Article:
A new variation of “Upstairs Downstairs” set in a department store, the “Masterpiece Classic” presentation of “Mr. Selfridge” (8 p.m. Sunday, PBS, check local listings) is scripted by Andrew Davies (“Bleak House”) and features the first starring role for Jeremy Piven since his Emmy-winning turn in “Entourage.”
Piven plays Harry Gordon Selfridge, a Chicago merchandiser who shakes up early 20th-century London society by catering to customers and whipping up public awareness of his shopping emporium with an outsized gusto that some find exciting and others deem vulgar. His penchant for huge gestures excites his thousands of employees and makes his department store a perfect setting for love affairs, social striving and the emancipation of its many female employees from Victorian mores.
In its early going, “Selfridge” unfolds like a highly choreographed dance, as the title character inspires, conspires and perspires with a bracing all-American energy. In some ways, “Selfridge” has the high-strung energy of a musical without a score.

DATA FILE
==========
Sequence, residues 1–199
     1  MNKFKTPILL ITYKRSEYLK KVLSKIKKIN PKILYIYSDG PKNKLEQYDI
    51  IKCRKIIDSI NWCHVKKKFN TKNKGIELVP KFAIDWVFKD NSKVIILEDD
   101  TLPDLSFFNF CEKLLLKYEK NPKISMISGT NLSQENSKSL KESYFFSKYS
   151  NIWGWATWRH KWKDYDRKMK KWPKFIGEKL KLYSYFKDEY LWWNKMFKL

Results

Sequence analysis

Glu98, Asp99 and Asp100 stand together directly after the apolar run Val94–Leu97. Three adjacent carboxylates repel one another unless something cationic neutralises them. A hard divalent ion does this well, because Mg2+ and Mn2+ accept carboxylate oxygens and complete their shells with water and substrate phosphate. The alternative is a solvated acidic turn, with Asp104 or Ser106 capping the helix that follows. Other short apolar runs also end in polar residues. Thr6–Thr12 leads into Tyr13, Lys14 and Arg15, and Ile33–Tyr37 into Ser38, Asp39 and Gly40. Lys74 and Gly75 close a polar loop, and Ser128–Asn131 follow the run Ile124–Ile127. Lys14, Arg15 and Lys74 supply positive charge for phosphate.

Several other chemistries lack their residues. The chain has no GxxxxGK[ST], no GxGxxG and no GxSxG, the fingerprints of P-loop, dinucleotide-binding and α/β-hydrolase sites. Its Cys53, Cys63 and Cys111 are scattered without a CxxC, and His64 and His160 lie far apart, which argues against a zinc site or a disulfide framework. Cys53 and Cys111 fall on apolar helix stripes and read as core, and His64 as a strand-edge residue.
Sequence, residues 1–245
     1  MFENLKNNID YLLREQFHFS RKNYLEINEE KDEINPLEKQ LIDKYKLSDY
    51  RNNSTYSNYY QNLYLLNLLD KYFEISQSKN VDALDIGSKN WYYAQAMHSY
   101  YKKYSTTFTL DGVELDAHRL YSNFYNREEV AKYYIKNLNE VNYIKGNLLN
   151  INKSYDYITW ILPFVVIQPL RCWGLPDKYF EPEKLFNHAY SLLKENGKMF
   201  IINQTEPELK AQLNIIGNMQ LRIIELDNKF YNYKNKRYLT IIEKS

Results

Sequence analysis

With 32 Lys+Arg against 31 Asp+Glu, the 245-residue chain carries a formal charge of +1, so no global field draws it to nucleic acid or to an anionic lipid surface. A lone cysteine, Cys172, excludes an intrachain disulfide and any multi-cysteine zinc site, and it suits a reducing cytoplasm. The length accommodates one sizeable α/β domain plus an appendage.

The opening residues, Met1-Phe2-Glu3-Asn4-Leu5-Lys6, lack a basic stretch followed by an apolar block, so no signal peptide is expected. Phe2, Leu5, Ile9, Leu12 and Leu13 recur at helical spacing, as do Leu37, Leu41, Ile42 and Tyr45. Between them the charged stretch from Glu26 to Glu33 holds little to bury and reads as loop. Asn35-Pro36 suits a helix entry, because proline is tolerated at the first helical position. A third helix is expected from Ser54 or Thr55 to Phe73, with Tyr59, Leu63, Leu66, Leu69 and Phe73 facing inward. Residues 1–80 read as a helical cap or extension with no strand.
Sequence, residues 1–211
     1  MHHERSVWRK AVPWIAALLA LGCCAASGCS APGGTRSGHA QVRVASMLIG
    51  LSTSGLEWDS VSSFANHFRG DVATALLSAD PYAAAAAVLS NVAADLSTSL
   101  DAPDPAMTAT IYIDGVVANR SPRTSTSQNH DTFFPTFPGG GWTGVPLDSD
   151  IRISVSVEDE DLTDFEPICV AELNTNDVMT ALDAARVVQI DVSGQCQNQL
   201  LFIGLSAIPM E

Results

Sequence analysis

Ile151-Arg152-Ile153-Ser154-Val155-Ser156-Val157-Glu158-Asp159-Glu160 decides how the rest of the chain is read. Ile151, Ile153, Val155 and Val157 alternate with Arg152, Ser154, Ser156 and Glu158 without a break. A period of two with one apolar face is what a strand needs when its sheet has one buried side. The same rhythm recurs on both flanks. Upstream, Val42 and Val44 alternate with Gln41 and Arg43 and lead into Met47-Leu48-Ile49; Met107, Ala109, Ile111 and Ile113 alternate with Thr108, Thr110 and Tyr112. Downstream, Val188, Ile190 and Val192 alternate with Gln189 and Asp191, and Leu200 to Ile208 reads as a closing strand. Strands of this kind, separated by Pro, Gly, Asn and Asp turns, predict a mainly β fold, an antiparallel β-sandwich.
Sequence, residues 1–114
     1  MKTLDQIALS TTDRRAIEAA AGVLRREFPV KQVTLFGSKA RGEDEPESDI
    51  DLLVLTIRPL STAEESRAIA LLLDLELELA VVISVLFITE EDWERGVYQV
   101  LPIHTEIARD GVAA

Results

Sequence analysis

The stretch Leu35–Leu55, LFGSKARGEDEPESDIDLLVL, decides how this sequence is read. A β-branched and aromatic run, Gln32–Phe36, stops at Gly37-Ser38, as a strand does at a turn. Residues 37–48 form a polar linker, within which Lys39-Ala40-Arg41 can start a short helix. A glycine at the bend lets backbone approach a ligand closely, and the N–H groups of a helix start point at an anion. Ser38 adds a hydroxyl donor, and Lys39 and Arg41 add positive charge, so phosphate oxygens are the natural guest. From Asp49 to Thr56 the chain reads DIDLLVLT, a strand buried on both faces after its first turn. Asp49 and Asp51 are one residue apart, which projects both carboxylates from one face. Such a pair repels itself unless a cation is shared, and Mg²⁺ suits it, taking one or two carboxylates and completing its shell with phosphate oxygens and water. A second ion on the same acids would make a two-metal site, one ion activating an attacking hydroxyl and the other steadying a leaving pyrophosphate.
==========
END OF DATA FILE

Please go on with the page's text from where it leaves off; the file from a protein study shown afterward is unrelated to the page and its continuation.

And it’s too bad Davies never wrote that libretto, because what might have worked as operetta often seems stilted as melodrama. And the fault lies principally with its star. As Selfridge, Piven delivers every line with an enthusiasm just short of bombast. His volume and tone rarely vary. Whether he’s sharing an intimate moment with his mistress, exhorting hundreds of employees to greater sales or chastising his daughters at breakfast, he’s always selling something — most often, himself.
• The epic series “Game of Thrones” (8 p.m. Sunday, HBO) enters its highly anticipated third season. Bring on the betrayals, swordplay and dragons. A lavishly produced variation on appointment TV, “Game” is hard to follow and a challenge to fully comprehend. But its followers, once they’re hooked, find it impossible to miss.
Sunday’s other highlights
• Scheduled on “60 Minutes” (6 p.m., CBS): Testimony may free a man imprisoned for four decades; Sudan’s lost boys.
• A birthday to remember on “Call the Midwife” (7 p.m., PBS, check local listings).
• “The Bible” (7 p.m., History) surveys the New Testament, from Christ’s betrayal and crucifixion to Paul’s conversion and mission.